In the past, stated income loans required very little verification. You stated your income, proved your credit score and provided assets – this was all the lender required to approve you. Then the housing crisis happened and the stated income loans took the brunt of the blame. Most lenders refused to offer stated income loans at all. After a few years, guidelines relaxed a little and portfolio lenders started offering stated loans. Today, you can find them at a variety of lenders; however, they are a little different. You still verify your credit and assets, but this time around you will also need a Verification of Employment to qualify for the loan.
How the Verification of Employment Works
A Verification of Employment is not a verification of your income. The employer only verifies whether you work at the place you stated you worked. They can also verify your dates of employment and your position. Employers can perform the VOE verbally or in written format; it is up to the discretion of the lender. Of course, this form of VOE only works if you work for someone, such as working as a commission based employee. If you work for yourself, you will have to verify your employment with a third party.
Generally, you need a VOE if you make more than 25% of your income in commission or bonuses. This is when lenders cannot strictly use your paystubs and W-2s; they need to see your tax returns as well. If your tax returns have numerous write-offs pertaining to your job; however, it could hurt you, which is why many people use a stated income loan.
If you own your own business, your CPA can verify your employment for you. Your CPA can verify the dates he started helping you with your business finances as well as agree to the fact that you do operate the business and make an income. The CPA may also be able to verify the date you started your business if you used him from the beginning.
In rare cases, you can use your business license as your Verification of Employment. It depends on the lender you use as well as the business you own. If it is a business which requires a license to operate, the lender may be able to use it since you cannot obtain a license unless you meet all of the necessary requirements of the state or county.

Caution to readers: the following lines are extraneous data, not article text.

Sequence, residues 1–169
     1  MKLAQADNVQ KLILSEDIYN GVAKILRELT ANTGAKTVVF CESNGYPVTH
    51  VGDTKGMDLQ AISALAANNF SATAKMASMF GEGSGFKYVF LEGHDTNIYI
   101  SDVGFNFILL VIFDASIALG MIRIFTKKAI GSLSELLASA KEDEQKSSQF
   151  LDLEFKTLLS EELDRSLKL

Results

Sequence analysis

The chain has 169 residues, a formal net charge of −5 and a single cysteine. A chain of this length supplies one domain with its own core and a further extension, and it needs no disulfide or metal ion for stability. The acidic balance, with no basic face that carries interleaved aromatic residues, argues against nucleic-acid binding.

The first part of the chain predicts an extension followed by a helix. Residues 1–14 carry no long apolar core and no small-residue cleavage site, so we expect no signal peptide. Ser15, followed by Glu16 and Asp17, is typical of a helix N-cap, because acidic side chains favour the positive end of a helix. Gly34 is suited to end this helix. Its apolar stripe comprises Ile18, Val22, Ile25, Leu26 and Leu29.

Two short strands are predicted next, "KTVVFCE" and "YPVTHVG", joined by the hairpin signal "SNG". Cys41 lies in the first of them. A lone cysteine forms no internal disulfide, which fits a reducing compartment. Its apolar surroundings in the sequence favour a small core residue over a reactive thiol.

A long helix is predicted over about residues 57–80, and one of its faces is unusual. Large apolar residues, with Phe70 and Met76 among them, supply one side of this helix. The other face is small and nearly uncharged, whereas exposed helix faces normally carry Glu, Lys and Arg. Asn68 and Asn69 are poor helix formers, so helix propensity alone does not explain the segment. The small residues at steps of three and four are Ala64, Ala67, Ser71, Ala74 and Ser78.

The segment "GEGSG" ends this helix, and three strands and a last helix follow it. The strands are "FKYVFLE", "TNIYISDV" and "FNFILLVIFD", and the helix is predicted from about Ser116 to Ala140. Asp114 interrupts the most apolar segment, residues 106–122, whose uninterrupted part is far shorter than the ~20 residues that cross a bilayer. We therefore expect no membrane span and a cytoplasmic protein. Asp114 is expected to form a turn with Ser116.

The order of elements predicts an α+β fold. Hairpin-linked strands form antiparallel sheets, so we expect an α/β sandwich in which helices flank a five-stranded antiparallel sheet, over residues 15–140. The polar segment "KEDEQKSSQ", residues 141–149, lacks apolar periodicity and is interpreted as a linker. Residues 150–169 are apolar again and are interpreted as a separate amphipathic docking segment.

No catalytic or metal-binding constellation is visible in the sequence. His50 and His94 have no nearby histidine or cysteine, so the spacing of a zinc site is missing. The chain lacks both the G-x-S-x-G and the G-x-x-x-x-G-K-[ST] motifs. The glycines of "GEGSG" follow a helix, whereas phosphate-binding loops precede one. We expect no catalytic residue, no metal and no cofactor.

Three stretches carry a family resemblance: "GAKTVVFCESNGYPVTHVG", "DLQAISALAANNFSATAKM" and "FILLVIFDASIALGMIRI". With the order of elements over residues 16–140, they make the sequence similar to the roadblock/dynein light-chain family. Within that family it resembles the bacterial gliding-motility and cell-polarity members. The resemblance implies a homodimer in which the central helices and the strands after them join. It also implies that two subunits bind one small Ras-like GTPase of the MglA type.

Verifying your Income on a Stated Loan
Another difference with stated loans today is the need to verify your income in some form. You might not provide your tax returns or paystubs, but you have to show receipt of income. Most self-employed borrowers prove receipt of income with bank statements. As long as you have at least 12 months’ worth of bank statements to provide a lender, they can use it for proof of income. This might not be a true “stated” loan, but it is an alternate way to document your income.
The benefit of stating your income and verifying it with an alternative form of documentation is the lack of expenses you will have to deduct from your income. If lenders use your tax returns to verify your income, they have to include the expenses you write off. If you write off a lot of expenses in order to reduce your tax liability, you could harm your ability to secure mortgage approval. Instead, you can use the bank statements as an alternative form of documentation, enabling you to secure loan approval without expenses getting in the way.
Your Income Must Match the Job Description
Another way lenders protect themselves aside from the Verification of Employment is to determine if your income matches your job description. For example, if you say you are a cashier and you make $90,000 per year, the lender might get suspicious. The income you claim needs to meet the average income for the same job in your area. Lenders have ways to verify the average income for each job type, so make sure you state your income within reasonable limits in order to avoid additional scrutiny.
The IRS Form 4506
The final way lenders can verify your employment and income is by requiring you to sign IRS Form 4506. This entitles the lender to copies of your tax transcripts for the last year or two. This is not a common practice for most lenders on stated income loans, but it is a possibility. If a lender is suspicious of the amount of income you claim or you cannot show high enough deposits in your bank account to coincide with your stated income, the lender may order your transcripts. They will use these transcripts to see if you claim the amount of income you say you make or at least close to it after the expenses you deduct.
Even though stated income loans are not what they used to be, they are still a great way for self-employed borrowers to secure a loan. You might have to undergo a little more scrutiny than in the past for a stated loan, but the option is still there. Lenders just need to determine that you are not inflating your income and are unable to avoid the mortgage payment you agree to pay. The extra verifications are there to help protect you and the lender from default in the future.